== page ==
NEW YORK (AP) _ Roger Clemens won his record sixth Cy Young Award on Thursday, receiving 21 of 28 first-place votes for the American League honor.
The Rocket, who led the New York Yankees to their fourth straight AL pennant, also received five second-place votes and two thirds for 122 points from a panel of the Baseball Writers' Association of America.
Clemens, 20-3 with a 3.51 earned run average and 213 strikeouts, is the only pitcher to win more than four Cy Youngs. Arizona's Randy Johnson won his fourth on Tuesday, matching Steve Carlton and Greg Maddux.
Oakland's Mark Mulder (21-8, 3.64) was second in the balloting with two first-place votes, 13 seconds and 11 thirds for 60 points. Seattle's Freddy Garcia (18-6, 3.05), was next, with four firsts, eight seconds and 11 thirds for 55 points.
Seattle's Jamie Moyer (20-6, 3.43) got the other first-place vote and was fourth with 12 points, followed by Mike Mussina of the Yankees (17-11, 3.15) with two points, and Tim Hudson of the Athletics (18-9, 3.37) with one.
At 39 years, 3 1/2 months, Clemens became the third-oldest Cy Young winner. Early Wynn was 39 years, 10 months when he won the 1959 AL honor for the Chicago White Sox, and Gaylord Perry was 40 years, two months when he won the 1978 NL Cy Young for the San Diego Padres.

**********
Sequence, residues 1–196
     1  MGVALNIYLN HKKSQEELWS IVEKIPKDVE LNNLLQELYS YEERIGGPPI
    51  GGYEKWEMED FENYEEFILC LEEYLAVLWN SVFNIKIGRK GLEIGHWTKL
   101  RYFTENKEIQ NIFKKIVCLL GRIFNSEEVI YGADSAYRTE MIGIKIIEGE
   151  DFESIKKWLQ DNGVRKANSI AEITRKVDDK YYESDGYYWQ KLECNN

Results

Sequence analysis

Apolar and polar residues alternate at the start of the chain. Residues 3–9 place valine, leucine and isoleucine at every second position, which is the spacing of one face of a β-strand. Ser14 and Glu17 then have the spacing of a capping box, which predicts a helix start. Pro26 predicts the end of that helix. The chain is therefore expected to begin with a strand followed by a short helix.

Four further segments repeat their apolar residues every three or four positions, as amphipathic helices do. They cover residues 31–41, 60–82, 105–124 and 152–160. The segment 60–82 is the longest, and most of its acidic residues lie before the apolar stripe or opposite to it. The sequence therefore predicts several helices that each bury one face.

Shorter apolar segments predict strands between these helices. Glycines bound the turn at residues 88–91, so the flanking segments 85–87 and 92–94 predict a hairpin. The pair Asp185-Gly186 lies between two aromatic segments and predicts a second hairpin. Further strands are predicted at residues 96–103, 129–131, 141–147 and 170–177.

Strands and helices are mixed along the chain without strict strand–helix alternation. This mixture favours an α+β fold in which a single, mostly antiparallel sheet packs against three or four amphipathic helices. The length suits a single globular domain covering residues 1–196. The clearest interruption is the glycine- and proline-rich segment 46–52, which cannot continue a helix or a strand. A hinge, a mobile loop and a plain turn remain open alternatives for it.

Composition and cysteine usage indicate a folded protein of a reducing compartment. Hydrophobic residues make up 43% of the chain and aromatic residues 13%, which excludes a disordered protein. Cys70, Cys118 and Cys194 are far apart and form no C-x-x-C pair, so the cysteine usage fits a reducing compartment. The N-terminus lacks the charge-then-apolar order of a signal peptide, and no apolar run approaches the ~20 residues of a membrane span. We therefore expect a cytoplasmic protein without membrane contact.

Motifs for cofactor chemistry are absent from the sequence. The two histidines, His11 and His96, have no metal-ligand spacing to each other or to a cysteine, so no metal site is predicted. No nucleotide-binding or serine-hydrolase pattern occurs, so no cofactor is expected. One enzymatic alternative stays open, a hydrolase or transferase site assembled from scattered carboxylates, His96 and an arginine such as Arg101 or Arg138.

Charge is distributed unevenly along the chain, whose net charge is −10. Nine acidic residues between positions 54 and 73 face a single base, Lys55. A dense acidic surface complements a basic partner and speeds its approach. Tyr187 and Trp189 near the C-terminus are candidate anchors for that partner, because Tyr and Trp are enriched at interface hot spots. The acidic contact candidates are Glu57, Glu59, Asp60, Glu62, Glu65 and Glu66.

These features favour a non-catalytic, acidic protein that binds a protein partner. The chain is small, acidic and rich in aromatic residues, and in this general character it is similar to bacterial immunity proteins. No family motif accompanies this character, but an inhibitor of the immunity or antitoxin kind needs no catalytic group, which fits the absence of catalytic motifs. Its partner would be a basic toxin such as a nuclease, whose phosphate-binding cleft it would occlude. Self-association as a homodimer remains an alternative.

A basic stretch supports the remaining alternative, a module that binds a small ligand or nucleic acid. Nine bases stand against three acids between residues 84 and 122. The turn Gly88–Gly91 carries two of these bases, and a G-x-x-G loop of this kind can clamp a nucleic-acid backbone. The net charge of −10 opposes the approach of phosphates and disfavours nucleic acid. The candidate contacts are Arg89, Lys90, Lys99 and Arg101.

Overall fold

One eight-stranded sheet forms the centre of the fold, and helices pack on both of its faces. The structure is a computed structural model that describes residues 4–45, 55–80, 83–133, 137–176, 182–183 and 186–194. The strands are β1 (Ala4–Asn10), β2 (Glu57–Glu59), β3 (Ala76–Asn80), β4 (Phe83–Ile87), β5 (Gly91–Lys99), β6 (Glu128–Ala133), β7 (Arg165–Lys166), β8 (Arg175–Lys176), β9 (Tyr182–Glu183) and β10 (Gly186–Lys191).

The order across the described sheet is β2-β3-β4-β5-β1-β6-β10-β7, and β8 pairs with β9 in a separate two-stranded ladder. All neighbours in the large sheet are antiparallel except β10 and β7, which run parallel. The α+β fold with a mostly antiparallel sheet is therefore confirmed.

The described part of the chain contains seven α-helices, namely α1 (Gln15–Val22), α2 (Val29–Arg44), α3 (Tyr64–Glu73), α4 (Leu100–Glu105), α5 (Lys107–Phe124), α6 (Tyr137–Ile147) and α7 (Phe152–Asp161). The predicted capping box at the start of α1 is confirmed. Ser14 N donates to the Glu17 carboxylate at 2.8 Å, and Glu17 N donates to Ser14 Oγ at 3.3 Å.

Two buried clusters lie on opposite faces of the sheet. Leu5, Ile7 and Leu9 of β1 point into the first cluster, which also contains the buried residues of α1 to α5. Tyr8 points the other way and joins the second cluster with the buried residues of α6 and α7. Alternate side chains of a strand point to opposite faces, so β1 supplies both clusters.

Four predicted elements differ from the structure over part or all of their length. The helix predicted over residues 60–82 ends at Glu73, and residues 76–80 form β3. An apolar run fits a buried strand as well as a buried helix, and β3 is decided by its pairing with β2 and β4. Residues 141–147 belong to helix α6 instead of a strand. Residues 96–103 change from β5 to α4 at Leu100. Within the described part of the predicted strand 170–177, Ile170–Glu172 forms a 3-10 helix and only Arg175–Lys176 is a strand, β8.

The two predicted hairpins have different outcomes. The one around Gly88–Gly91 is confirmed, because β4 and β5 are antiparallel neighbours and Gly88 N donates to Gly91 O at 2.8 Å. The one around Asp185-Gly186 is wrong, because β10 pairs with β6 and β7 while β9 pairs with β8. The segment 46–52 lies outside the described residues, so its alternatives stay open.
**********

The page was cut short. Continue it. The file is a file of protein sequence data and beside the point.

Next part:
Clemens is the first player to win a BBWAA award on three teams. He won the Cy Young for Boston in 1986, 1987 and 1991, then won it for Toronto in 1997 and 1998.
He became the first pitcher ever to start a season 20-1 before losing his final two decisions. After injuring a hamstring and struggling in the first round of the playoffs, he rebounded to pitch well in the league championship series against Seattle and was the Yankees' most consistent pitcher in the World Series against Arizona. He won Game 3 and allowed just one run in New York's 3-2 loss in Game 7.
Boston's Pedro Martinez had won the previous two AL Cy Youngs but was injured for much of this season.
Clemens, a six-time 20-game winner, had the second-highest ERA for an AL Cy Young winner, below only LaMarr Hoyt's 3.66 for the Chicago White Sox in 1983.
It was the fifth Cy Young Award for the Yankees, the first since Ron Guidry in 1978. Bob Turley won in 1958, Whitey Ford in 1961, and Sparky Lyle in 1977.